TV Review: Obi-Wan Kenobi, 1×1, “Part I”

After 17 years, Ewan McGregor returns to the Star Wars universe in the Disney+ series Obi-Wan Kenobi.
User Rating: 9

Ten years is a long time to sit and meditate over past mistakes on Tatooine. But it’s not quite as long as the 17 years that we’ve been waiting to see Ewan McGregor, long considered to be the standout of the prequel series, reprising his fan-favorite role as Obi-Wan Kenobi in the Star Wars universe. So, it’s with no small amount of anticipation that we begin the latest Star Wars miniseries, Obi-Wan Kenobi, which, if successful, will satisfyingly flesh out the years the Jedi Knight spends in hiding. And although it’s still early days, the first episode of Obi-Wan Kenobi manages a very difficult task – making it feel as though no time at all has passed since we last saw the character as played by the always charming McGregor.

Ten years have passed since Obi-Wan first accompanied the infant Luke to be raised by his aunt and uncle on Anakin’s home planet of Tatooine. He is honor-bound to watch over the young boy and eventually train him, although Uncle Owen (Joel Edgerton) clearly has second thoughts about that. Once filled with battles and interplanetary diplomatic missions, his days have settled into repetitive drudgery as he attempts to keep a low profile. Kenobi, too, feels mired in an unshakeable stupor. Still haunted by his inability to save Anakin from the Dark Side of the Force, his depression and loss of faith in himself see him frozen in place. The only thing keeping him going is his obsession with the promise he made to protect the young Luke, a task he dedicates himself to from afar, watching his childhood through binoculars and leaving small gifts at his door.

But although Obi-Wan (or Ben, as he now goes by) may feel entirely alone, his quiet, monotonous existence will soon be shaken up. A team of Imperial Inquisitors have landed on Tatooine, setting themselves to the chore of hunting Jedi. It would seem, as we see in a flashback, that more Jedi survived than was originally thought – we are shown a group of Younglings being protected and ultimately saved by their teacher (an unexpectedly difficult scene to watch, following the horrific school shooting in Texas just a few days before the release of this episode). The scrappy survivors are strewn throughout the galaxy, and it’s the responsibility of these Inquisitors to dispose of them, one by one. In particular, there’s one Inquisitor, Reva (Moses Ingram), who isn’t satisfied with hunting the weaker Jedi who have only survived by chance: She won’t rest until she has tracked down the great Jedi Master Obi-Wan Kenobi.

As an introductory episode, this lays the groundwork nicely for the battle between the meager remnants of the Jedi and the vicious, Force-sensitive assassins who are sworn to kill them. But more importantly, we see the path that Obi-Wan must take to protect not just Luke but Leia, who has problems of her own on her home planet of Alderaan. His life for ten years has been about laying low, avoiding detection, and, in many ways, humbling himself as penance for his perceived sins. His guilt weighs him down and has him shaken to his core; It’s plain to see that when Bail Organa (Jimmy Smits) begs him for help, he questions his ability to be of any use to anyone. No doubt, throughout the rest of the series, we’ll be given the opportunity to watch Obi-Wan come to terms with his past and rebuild his sense of self.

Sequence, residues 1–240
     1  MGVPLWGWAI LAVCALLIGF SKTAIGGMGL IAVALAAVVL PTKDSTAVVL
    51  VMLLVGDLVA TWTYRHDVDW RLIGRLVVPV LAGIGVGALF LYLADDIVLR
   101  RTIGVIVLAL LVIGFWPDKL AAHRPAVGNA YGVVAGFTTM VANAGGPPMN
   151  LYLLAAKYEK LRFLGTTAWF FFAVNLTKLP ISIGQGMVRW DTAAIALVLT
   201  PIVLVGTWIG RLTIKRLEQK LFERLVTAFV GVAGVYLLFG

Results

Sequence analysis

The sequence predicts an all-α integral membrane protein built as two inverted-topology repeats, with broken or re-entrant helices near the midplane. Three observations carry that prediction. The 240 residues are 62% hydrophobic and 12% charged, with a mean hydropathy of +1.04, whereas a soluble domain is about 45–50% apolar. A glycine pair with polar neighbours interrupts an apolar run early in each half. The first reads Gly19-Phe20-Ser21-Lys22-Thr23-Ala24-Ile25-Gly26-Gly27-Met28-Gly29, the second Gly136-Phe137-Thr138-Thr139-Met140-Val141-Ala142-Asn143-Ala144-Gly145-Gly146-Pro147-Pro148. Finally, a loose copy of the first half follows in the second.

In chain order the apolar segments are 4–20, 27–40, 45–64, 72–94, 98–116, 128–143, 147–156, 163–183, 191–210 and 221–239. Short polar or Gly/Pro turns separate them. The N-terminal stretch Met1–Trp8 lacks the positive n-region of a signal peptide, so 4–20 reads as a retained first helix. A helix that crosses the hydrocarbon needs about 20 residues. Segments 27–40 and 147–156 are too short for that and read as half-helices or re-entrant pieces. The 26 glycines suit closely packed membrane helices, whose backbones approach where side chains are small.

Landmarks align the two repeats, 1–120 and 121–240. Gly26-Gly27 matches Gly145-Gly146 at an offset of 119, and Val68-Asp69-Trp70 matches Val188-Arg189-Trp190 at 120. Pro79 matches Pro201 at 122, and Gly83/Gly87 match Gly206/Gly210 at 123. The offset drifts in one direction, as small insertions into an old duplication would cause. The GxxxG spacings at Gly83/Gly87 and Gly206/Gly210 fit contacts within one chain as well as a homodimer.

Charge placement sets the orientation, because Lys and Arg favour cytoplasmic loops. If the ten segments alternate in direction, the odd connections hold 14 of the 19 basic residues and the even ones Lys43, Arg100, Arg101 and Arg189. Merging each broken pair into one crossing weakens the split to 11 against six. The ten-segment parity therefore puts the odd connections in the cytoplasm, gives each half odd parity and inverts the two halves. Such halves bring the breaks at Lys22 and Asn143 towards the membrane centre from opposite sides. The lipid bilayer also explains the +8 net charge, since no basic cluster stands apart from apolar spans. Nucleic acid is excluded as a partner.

Once again, we’re shown why Ewan McGregor is one of the greatest gifts given to the Star Wars universe. His presence here is purposefully muted, but it carries tremendous pain and doubt. We see glimmers of the old Obi-Wan in small scenes with the Jawa trader who sells him back his own stolen equipment, and it’s enough to assure us that McGregor has thrown himself fully back into his old role.

But the show’s not just about its title character. Great effort has been taken to build an exciting cast around him. It is, in particular, a delight to see so much of the young Leia, played by Vivien Lyra Blair, as a precocious troublemaker utterly uninterested in her royal responsibilities. Not only is it a clever decision to feature Alderaan as a way to expand the show’s visual palette beyond the browns and beiges of Tatooine (which, after The Mandalorian and The Book of Boba Fett, we must admit, is growing tiresome), it’s a cue that Leia’s origin story will be given as much attention as Luke’s. With adventure on the horizon and Obi-Wan finally committed to some sort of action, we’re excited to see what the next episode of the show will bring.

Obi-Wan Kenobi is now streaming on Disney+.

Written by
Audrey Fox has been an entertainment journalist since 2014, specializing in film and television. She has written for Awards Circuit, Jumpcut Online, Crooked Marquee, We Are the Mutants, and is a Rotten Tomatoes approved critic. Audrey is firm in her belief that Harold Lloyd is the premier silent film comedian, Sky High is the greatest superhero movie ever made, Mad Men's "The Suitcase" is the single best episode of television to date, and no one in the world has ever given Anton Walbrook enough credit for his acting work. Her favorite movies include Inglourious Basterds, Some Like It Hot, The Elephant Man, Singin' in the Rain, Jurassic Park, and Back to the Future.

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